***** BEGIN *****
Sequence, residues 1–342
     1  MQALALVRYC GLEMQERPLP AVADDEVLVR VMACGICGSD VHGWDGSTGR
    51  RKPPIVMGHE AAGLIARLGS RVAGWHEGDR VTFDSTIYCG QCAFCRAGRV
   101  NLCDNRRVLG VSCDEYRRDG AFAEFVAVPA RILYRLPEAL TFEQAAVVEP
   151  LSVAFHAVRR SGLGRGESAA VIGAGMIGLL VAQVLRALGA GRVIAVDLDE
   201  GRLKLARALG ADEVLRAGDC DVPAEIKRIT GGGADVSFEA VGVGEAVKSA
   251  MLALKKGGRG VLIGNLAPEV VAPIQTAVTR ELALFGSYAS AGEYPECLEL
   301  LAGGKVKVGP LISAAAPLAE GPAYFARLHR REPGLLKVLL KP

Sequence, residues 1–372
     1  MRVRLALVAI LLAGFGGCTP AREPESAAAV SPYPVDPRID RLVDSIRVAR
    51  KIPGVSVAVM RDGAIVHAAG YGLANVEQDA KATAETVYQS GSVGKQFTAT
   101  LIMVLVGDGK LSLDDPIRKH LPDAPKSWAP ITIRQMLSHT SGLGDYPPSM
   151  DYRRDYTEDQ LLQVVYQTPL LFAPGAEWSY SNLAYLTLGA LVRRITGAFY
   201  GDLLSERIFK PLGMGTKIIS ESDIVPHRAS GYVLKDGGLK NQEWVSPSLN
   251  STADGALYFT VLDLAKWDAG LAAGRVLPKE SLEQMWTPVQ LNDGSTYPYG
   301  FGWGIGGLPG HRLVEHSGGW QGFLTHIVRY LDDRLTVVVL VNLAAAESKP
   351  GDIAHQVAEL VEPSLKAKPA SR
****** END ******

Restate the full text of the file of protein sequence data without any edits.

Sequence, residues 1–342
     1  MQALALVRYC GLEMQERPLP AVADDEVLVR VMACGICGSD VHGWDGSTGR
    51  RKPPIVMGHE AAGLIARLGS RVAGWHEGDR VTFDSTIYCG QCAFCRAGRV
   101  NLCDNRRVLG VSCDEYRRDG AFAEFVAVPA RILYRLPEAL TFEQAAVVEP
   151  LSVAFHAVRR SGLGRGESAA VIGAGMIGLL VAQVLRALGA GRVIAVDLDE
   201  GRLKLARALG ADEVLRAGDC DVPAEIKRIT GGGADVSFEA VGVGEAVKSA
   251  MLALKKGGRG VLIGNLAPEV VAPIQTAVTR ELALFGSYAS AGEYPECLEL
   301  LAGGKVKVGP LISAAAPLAE GPAYFARLHR REPGLLKVLL KP

Sequence, residues 1–372
     1  MRVRLALVAI LLAGFGGCTP AREPESAAAV SPYPVDPRID RLVDSIRVAR
    51  KIPGVSVAVM RDGAIVHAAG YGLANVEQDA KATAETVYQS GSVGKQFTAT
   101  LIMVLVGDGK LSLDDPIRKH LPDAPKSWAP ITIRQMLSHT SGLGDYPPSM
   151  DYRRDYTEDQ LLQVVYQTPL LFAPGAEWSY SNLAYLTLGA LVRRITGAFY
   201  GDLLSERIFK PLGMGTKIIS ESDIVPHRAS GYVLKDGGLK NQEWVSPSLN
   251  STADGALYFT VLDLAKWDAG LAAGRVLPKE SLEQMWTPVQ LNDGSTYPYG
   301  FGWGIGGLPG HRLVEHSGGW QGFLTHIVRY LDDRLTVVVL VNLAAAESKP
   351  GDIAHQVAEL VEPSLKAKPA SR